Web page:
Which is the best 37-inch TV?
Making the decision to upgrade from a bulky old 28-inch CRT TV is almost too easy, but heading straight for a 42-inch plasma can seem a little daunting.
And thus the 37″ size has become one of the UK’s most popular shapes; a lot more impressive than a 32-incher, yet not big enough to entirely dominate a living room. It’s also often the maximum size for those of us who are forced, simply by the shape of our living room, to shove a TV in the corner.
It’s a size division that’s as competitive as any, with the big brands weighing in with both LCD and plasma TV models. Despite its direct forerunners being some of the best-reviewed (and best-selling) TVs around, Panasonic’s TX-P37X20 is the only plasma left in this category.
Surrounded by LCD TVs not just from Panasonic, but from other huge brands like Sony, LG and Toshiba, the 37-inch size has become a battleground dominated by aggressively low pricing.
A buyer’s market, the 37″ size is also home to some wonderful innovations. Here you’ll find some sets properly exploiting a Full HD resolution, and TVs with built-in Freesat tuners, others with online dimensions, 100Hz scanning and even – in the case of Loewe’s Connect – a luxury wireless TV that can stream music and video from a PC or Mac, before pumping out incredible sound.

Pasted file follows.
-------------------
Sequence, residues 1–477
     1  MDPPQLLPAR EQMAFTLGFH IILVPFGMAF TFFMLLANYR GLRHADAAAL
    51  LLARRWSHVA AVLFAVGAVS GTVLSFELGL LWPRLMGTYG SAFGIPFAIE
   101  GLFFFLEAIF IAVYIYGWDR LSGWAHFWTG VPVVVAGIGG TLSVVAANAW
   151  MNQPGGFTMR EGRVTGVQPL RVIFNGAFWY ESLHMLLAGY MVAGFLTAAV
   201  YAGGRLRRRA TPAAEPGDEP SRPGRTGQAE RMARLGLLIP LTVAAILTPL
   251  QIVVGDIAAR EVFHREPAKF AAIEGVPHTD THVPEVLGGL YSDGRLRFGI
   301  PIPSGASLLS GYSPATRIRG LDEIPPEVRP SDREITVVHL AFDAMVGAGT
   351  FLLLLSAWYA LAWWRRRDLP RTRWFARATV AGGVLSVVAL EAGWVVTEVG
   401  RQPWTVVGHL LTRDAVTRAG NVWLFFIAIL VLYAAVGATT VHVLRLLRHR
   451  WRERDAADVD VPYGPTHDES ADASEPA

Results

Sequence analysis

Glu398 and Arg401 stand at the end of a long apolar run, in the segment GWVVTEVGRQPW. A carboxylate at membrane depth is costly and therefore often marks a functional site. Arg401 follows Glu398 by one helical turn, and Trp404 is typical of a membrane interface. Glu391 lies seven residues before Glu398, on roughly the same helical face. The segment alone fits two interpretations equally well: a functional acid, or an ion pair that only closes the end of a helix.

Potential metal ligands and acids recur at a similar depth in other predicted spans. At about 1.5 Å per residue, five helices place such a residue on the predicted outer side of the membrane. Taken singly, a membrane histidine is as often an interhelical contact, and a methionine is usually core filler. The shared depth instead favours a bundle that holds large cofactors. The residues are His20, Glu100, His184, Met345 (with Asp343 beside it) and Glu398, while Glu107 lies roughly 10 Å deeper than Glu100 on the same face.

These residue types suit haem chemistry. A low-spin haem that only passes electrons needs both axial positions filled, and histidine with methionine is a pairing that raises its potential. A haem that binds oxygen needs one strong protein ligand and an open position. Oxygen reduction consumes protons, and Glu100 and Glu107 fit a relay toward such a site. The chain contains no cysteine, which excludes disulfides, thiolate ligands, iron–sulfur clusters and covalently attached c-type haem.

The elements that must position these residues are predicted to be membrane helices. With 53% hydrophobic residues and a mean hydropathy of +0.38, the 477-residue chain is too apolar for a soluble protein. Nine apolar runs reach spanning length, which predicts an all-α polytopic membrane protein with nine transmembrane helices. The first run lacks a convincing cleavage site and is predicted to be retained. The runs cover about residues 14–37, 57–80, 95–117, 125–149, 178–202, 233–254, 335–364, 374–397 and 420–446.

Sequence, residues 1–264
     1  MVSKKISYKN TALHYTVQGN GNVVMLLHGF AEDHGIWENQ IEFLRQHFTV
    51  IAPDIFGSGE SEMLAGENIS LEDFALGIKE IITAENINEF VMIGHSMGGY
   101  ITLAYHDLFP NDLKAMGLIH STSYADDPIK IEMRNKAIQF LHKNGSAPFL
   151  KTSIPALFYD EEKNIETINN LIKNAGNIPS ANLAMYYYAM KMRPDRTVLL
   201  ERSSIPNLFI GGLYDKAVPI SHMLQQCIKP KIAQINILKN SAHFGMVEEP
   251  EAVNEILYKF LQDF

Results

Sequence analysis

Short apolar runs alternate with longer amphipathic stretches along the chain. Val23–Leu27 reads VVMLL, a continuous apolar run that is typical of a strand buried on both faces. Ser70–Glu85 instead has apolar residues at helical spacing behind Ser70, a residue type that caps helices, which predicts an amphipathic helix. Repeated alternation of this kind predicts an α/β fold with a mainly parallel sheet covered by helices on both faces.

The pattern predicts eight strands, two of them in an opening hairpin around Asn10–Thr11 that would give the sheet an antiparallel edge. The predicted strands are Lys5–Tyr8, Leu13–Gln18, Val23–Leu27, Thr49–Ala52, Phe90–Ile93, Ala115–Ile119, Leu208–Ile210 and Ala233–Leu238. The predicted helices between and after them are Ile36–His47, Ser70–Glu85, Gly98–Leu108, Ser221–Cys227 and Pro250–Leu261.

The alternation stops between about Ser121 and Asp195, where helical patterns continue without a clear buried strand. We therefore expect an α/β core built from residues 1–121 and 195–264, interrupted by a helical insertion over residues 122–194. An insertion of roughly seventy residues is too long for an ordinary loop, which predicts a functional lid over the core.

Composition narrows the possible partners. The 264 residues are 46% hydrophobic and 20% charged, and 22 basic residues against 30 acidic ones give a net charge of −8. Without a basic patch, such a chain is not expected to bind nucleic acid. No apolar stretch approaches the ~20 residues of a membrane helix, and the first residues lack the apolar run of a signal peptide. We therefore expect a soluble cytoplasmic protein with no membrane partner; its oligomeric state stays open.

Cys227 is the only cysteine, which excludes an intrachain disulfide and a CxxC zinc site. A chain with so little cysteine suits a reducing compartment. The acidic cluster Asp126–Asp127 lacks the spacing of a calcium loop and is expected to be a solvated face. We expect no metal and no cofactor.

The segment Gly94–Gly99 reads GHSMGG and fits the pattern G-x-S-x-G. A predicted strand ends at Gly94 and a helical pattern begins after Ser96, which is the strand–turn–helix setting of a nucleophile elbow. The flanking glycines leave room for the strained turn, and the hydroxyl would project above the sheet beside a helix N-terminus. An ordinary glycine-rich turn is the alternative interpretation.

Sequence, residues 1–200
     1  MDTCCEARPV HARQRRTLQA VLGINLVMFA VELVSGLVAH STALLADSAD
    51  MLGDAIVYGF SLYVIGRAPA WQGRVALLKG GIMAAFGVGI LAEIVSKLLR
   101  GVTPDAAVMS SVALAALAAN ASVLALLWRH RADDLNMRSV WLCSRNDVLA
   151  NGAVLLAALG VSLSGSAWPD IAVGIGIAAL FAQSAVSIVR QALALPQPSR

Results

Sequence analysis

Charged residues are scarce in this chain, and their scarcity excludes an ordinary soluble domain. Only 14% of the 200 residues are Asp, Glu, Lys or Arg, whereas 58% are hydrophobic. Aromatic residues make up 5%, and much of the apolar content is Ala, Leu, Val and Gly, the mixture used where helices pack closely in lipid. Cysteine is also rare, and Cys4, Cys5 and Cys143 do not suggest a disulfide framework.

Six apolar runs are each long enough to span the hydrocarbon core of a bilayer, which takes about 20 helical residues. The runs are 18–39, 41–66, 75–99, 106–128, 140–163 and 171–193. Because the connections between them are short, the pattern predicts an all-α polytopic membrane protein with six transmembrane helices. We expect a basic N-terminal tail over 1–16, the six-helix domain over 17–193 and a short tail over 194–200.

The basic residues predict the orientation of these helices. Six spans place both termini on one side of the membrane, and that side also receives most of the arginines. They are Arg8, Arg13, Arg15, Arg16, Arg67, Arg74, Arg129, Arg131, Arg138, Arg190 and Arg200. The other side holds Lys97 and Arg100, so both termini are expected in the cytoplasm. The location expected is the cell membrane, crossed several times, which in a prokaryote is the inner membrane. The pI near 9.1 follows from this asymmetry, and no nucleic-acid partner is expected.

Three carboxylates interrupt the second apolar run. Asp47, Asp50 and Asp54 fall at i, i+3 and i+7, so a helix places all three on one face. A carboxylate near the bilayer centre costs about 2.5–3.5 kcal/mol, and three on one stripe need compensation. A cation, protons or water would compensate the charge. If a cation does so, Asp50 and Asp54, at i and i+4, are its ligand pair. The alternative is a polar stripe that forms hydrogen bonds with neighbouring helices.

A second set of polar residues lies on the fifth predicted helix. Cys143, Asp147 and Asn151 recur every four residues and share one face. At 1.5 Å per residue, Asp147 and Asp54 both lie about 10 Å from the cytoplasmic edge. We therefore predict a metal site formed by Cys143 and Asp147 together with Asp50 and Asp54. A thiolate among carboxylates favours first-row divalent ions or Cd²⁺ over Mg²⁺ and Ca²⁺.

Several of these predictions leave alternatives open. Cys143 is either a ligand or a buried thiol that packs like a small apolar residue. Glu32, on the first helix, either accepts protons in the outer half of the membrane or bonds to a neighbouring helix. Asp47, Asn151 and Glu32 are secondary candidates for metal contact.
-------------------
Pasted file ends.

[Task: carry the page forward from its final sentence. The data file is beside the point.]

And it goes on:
Loewe is hardly typical of this cut-price – and sparsely populated – genre, but it shows just what can be done at this modest measurement.
Affordable HD ready plasma with excellent all-round performance
Plasmas are exceedingly rare at this size, but previous generations of this particular model have routinely been honoured – and this version is no different. It lacks much of the more advanced functions seen further up Panasonic’s range, but for frugal buyers who don’t want to pay for extra bells and whistles, it delivers big performance bangs for a modest buck. It’s merely HD Ready – not Full HD – but with a super-clean performance from its built-in Freeview tuner it makes the perfect all-rounder for living rooms.
BBC iPlayer plus built-in Freeview/Freesat HD tuners on this 3D Edge LED TV
Panasonic’s first effort at an Edge LED TV is also 3D-ready, although it’s sized to steer clear of competing with the brand’s barnstorming 3D plasmas – and the TX-L37DT30B comes a clear second place, judged purely on 3D images.
Still, compared to other 3D LCD TVs, this DT30 Series set is a competitive performer that pairs 3D with quite wonderful 2D, and even Freeview HD and Freesat HD tuners. Yes – both!